I am unfamiliar with this author’s work so the first time I read each story two thoughts struck me: they are unique in that they are written in an oblique style difficult to grasp initially; much is implied within phrases and partial , seemingly unfinished dialogue. And secondly, that  these tales are almost poetic prose. I say almost, because for me, they stopped just short of creating flowing images; the pictures they create are elusive. And this, I think, is what Rebecca Gransden is aiming for in Rusticles; that tenuousness grasp of understanding. So that the readers is forced to interpret each story in their own way. This place, Hilligoss, is filled with characters that tell a tale, a moment in their time, of their lives, through an individualistic, idiosyncratic point of view. I suppose there is no right or wrong way for the reader to decode what they are reading.

I liked the cover; the blending of the colours, the vague images. The way the eye is led to the light. The rust shades that reflect the title. Said aloud the title rolls of the tongue. I had to look up the meaning of the word. The interpretation is as follows:

A rusticle is a formation of rust similar to an icicle or stalactite in appearance that occurs underwater when wrought iron oxidizes. They may be familiar from underwater photographs of shipwrecks, such as the RMS Titanic and the German battleship Bismarck. Rusticles are created by microbes that consume iron.

So it’s a clever title. I just wasn’t sure of the stories. They weren’t really to my taste as a reader. But I may be missing the whole point of this book. I’d be interested to see what other readers think.

Book Description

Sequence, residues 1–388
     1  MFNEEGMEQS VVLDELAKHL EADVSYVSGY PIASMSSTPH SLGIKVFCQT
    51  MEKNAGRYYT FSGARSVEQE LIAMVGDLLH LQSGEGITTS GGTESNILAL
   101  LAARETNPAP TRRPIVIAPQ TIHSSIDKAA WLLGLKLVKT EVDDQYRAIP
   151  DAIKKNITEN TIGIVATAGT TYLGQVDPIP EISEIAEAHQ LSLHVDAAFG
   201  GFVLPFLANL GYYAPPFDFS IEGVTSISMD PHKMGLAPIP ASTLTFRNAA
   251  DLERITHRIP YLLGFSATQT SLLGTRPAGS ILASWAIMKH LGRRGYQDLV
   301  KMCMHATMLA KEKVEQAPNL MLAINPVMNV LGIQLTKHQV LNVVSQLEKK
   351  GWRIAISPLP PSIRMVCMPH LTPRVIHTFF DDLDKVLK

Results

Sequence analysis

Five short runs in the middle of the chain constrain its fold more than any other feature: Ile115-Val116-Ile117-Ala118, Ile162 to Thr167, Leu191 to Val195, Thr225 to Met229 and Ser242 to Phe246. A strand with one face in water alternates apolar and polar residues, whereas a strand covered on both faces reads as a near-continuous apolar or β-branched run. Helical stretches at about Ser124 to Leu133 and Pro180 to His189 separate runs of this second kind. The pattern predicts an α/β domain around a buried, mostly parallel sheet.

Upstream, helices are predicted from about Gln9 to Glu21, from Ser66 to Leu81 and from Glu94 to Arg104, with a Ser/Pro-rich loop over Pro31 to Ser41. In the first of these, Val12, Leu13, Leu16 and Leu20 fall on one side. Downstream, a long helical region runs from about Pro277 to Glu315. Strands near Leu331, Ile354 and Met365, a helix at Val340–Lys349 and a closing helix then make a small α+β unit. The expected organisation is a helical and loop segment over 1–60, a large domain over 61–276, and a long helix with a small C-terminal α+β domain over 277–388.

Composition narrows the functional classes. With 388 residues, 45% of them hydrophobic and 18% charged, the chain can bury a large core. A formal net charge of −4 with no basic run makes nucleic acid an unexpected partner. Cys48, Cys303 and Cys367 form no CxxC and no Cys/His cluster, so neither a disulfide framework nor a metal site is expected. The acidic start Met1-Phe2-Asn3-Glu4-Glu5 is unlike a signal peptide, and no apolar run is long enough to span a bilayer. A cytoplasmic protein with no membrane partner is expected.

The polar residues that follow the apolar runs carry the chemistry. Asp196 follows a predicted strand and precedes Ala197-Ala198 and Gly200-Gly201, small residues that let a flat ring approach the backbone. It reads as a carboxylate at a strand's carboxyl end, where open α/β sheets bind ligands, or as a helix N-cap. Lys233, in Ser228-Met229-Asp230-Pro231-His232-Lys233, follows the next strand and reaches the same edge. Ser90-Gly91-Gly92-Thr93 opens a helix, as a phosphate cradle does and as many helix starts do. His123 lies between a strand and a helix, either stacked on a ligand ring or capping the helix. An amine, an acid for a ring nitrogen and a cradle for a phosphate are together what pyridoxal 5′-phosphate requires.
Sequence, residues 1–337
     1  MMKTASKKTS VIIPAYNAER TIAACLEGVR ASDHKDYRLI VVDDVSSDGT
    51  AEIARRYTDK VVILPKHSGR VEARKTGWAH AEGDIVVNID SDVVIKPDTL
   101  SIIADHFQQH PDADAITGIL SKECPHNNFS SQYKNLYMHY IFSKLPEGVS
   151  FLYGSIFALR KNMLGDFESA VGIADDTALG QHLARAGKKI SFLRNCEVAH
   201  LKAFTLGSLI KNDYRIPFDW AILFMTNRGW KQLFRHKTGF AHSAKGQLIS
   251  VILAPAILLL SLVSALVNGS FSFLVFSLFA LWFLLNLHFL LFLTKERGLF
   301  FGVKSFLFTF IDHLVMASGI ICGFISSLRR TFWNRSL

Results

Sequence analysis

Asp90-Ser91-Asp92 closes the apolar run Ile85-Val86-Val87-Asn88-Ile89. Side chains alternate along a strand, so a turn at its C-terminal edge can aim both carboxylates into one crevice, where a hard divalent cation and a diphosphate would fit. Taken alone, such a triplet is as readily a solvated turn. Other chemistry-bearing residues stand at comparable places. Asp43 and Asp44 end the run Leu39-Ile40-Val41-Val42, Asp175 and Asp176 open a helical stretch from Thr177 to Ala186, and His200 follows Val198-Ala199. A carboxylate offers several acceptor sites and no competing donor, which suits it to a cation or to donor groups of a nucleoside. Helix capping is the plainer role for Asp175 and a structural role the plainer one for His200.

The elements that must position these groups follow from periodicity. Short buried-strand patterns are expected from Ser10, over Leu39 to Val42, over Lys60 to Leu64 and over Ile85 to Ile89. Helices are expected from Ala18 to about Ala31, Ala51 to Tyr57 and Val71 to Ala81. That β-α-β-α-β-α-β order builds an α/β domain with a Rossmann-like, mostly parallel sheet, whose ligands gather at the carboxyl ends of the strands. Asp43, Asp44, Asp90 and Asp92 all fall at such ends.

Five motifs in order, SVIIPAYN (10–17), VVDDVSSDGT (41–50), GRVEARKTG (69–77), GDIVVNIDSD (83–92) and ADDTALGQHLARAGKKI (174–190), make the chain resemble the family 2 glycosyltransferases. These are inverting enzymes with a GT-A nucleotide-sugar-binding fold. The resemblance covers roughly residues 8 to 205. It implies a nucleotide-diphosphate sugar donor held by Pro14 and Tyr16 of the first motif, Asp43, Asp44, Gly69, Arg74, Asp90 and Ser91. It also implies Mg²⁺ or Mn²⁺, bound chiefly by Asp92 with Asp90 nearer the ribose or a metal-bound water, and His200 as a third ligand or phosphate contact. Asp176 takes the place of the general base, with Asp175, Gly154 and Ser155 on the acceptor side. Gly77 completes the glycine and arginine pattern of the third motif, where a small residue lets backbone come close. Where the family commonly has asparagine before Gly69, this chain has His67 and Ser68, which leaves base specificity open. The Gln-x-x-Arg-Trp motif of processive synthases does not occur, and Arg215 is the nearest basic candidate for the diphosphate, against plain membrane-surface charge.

In Hilligoss, a tired man searches for a son, a flamingo enthrals the night, and fireworks light up the lost. In these stories and more, Rusticles offers a meandering tour through backroads bathed in half light, where shadows play along the verges and whispers of the past assault daydreams of the present. Walk the worn pathways of Hilligoss.

About the author

Rebecca Gransden

This author has always lived by the sea.

She tends to write about the edges of things so if you inhabit the fringes you may find something to like.

Goodreads | AmazonUK | AmazonUS | Twitter

Rosie’s #Bookreview Team #RBRT Magic Fishing Panties by @KimDalferes

Today’s team book review comes from Judith, she blogs at

Rosie's Book Review team 1

Judith chose to read and review Magic Fishing Panties by Kimberly Dalferes


I gave Magic Fishing Panties 4* out of 5

First of all I’d like to thank Rosie Amber and  Kimberly J. Dalferes  for giving me this opportunity to review this book

I need to say nothing more than I loved he Magic Fishing Panties by Kim Dalferes. But, of course I will, because I want more people to read this fabulous collection of short stories and essays. I read it one sitting, ignoring all the ‘to-do’ tasks that were indelibly printed on my brain until I picked up this book and started reading. It’s a long time since I indulged myself like this and I’m not sorry. The author’s voice shines through in each story, whether it’s one that makes you laugh out loud, sigh with nostalgis or weep (which one or two did to me!) And there are a few that make you sit back and think, perhaps shake your head in amazement at the obtuse, insensitive attitude of some people, and then wonder at  Kim Dalferes’ ability to retain a sense of humour.. And be able to craft a story about  it with such skill.

Picture the scene: The school bus, too early to pick up the children on the other side of an intersection (crossroads for UK readers) parked right in the middle until the driver decides it’s the correct time and blocking all traffic.

Enter Kim Dalferes …

“‘Did any other adult offer assistance? Nada. Not a single one…I soon found myself juggling leash, tugging dog, and blue plastic poop bag precariously with my right hand, my coffee mug in the left, and directing traffic through the intersection while simultaneously shooing children out of the road …”

It’s just part of one of many hilarious passages. Kim Dalferes interweaves reality, poignancy, honesty (at whatever cost to herself) and comedy. I can heartily recommend the Magic Fishing Panties .

Find her book here: